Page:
Come learn how you can use the open source git application to get control of your source code. You’ll never lose code ever again. You’ll be able to hack away with confidence knowing that you can always get back to your last working version.
This hands-on class will help you get git setup on your computer (be sure to bring one!) and teach you the basic concepts.
About the instructor:
Doug Bradbury is a software craftsman at the Chicago based 8th Light. He has 6 years of professional experience using git everyday.
The cornerstone of the THOTCON 0x4 design was to create a platform for a variety of electronics and radio projects. We’d like to showcase projects people have centered around this year’s AVR based PCB. The winning entry to our contest is called badgesniff and comes from Mike Ryan (@justfalter). Mike’s work is a powerful use of the radio on the badge. Not only did Mike create a custom firmware for sniffing the 802.15.4 spectrum via the badge but also a client application for saving the data to pcap files and instructions for setting up the environment on Ubuntu!
Kudos to Mike for creating such a useful tool with great documentation and instructions. His submission certainly surpassed our expectations.
We’d like to thank everyone who has taken the time to explore the badge for THOTCON 0x4. If you have a project you couldn’t submit before the deadline last week we’d like to post your work here and archive
We’ve all had a full week to recover from the THOTCON and B-sides activity here in Chicago and it is time to get back to hacking. The badge that was distributed to THOTCON attendees was designed to be hacked and reused in your projects. In the spirit of badge hacking we’d like to announce our first badge hacking contest for the attendees of THOTCON 0x4.
The contest will start today and will run until 11:59 pm CT on Monday, May 27th 2013.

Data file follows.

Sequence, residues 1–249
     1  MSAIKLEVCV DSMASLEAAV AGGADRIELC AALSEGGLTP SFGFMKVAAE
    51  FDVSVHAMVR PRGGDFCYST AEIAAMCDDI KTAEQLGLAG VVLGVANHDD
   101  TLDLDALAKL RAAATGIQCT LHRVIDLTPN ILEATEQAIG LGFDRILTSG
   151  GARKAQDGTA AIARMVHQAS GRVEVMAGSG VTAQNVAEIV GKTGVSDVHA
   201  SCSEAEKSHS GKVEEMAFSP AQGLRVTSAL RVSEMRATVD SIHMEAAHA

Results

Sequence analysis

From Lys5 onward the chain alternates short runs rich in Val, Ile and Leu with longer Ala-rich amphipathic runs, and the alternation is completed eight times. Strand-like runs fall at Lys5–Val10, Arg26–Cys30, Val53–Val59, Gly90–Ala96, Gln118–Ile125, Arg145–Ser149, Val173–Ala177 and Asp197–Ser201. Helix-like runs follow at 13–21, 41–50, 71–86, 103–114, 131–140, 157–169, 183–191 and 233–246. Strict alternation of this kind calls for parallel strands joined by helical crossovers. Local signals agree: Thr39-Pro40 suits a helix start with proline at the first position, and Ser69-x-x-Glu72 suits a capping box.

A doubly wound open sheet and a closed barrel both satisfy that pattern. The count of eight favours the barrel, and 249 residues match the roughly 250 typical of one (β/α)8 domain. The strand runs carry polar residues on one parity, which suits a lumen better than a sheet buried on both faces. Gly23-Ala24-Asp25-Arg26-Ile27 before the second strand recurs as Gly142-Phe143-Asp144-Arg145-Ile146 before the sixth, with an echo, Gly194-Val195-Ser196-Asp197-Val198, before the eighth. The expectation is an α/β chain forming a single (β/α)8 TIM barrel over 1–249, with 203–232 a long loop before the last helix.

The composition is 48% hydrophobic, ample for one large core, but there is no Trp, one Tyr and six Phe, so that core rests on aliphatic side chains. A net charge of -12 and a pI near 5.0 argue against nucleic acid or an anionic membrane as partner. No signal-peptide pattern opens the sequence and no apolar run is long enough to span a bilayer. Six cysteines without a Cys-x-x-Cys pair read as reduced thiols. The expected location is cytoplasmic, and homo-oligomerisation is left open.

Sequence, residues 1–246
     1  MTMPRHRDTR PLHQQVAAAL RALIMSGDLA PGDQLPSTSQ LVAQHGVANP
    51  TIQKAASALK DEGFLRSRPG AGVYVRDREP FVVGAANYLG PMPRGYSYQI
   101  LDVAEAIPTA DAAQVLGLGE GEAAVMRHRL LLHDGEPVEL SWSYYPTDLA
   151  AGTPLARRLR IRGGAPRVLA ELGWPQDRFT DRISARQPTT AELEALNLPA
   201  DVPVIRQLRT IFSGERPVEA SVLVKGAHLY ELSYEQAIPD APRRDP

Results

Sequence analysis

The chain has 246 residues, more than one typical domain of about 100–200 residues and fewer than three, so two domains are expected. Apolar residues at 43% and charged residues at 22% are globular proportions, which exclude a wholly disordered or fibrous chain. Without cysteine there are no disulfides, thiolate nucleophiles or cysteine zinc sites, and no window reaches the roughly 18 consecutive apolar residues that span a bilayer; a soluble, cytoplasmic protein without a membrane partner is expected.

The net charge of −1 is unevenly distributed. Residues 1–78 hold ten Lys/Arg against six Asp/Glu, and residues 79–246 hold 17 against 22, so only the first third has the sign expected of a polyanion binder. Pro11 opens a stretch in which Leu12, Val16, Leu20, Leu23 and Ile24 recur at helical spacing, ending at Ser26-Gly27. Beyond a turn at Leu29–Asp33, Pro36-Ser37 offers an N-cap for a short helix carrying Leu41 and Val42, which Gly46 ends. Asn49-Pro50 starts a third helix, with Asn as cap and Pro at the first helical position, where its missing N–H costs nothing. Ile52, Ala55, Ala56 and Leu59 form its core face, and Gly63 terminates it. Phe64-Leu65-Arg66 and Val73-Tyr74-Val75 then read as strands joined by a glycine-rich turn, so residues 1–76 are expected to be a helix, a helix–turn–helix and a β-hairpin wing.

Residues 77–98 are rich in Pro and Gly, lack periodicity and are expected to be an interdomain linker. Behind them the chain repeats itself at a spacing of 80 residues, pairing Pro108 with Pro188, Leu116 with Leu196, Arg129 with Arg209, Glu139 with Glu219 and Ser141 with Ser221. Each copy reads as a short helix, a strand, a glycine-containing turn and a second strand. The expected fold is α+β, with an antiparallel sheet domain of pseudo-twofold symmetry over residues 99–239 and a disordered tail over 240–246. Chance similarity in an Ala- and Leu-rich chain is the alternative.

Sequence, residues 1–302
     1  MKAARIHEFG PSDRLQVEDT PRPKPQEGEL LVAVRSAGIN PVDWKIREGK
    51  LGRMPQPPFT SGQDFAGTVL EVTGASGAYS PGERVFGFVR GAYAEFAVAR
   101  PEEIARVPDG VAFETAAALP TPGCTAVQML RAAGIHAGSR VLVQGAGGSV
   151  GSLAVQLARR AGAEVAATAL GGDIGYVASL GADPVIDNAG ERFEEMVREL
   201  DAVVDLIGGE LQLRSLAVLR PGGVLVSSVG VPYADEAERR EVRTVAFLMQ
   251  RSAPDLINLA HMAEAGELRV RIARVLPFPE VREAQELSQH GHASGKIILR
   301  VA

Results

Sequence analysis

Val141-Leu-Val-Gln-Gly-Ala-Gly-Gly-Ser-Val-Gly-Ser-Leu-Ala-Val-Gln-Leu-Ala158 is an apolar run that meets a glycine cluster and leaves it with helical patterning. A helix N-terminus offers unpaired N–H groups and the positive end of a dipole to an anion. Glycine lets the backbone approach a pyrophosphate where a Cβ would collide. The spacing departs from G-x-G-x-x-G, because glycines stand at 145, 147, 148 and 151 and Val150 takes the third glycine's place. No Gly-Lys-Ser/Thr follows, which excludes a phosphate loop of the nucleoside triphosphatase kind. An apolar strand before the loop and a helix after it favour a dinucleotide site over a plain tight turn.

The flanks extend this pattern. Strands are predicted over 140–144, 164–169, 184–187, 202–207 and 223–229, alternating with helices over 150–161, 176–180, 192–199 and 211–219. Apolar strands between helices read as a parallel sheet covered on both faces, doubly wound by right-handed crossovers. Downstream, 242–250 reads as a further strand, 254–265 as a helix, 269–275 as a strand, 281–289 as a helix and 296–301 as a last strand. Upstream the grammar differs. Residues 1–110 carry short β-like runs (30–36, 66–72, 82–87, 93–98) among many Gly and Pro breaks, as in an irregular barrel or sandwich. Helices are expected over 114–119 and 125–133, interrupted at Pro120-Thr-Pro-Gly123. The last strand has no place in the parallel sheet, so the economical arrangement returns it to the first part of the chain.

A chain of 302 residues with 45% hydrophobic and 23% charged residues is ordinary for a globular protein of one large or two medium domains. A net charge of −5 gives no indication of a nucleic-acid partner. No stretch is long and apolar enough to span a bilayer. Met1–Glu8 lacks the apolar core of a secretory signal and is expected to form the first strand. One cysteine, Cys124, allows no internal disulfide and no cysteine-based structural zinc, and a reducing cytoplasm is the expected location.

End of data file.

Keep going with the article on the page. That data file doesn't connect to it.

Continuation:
The rules are simple: In hacking there are no rules.
Although there are no rules your submission must be reproducible and should include:
Video Demonstration of your Badge Hack
Any applicable schematics for your hack
Any code and compile instructions
In the interest of collaborative learning any requested information about the badge for the purpose of the contest will be shared with other contest participants. All contest submissions will also be archived on the official badge website.
There will be several categories we will judge against, you’re automatically entered to each category:
Most hackerish hack (what can you hack with the badge?)
Most unorthodox hack (does your badge now dispense cat food?)
People’s choice (the tubez chuze)
The prizes will be notoriety and some 3D printed randomness courtesy of the badge crew at Workshop 88.
The astute observer will notice that the pin outs on the side of the board fit the Arduino footprint for access to many of the ATMEGA128RFA1’s peripheral systems and compatibility with most Arduino shields. The badge can be easily reprogrammed via the unpopulated ICSP header with (at least) the following methods:
If you’re looking to hack your badge over and over again we have a few left over prototyping kits we were selling during the con and you can get them for $20 plus shipping by emailing us here.
These include all the prototype rails and headers you need to use arduino shields plus the passive components necessary to power the badge from a wall wart or other external supply. The power system components are not necessary to reprogram or hack the chip.
Here are some pictures from the space the night before Thotcon. Quite a few of the boards had been poorly soldered during manufacturing, and we had to do hot-air rework on them to get them to work. Rudy was the hot-air magic man, but there were a bunch of people working to process all the badges.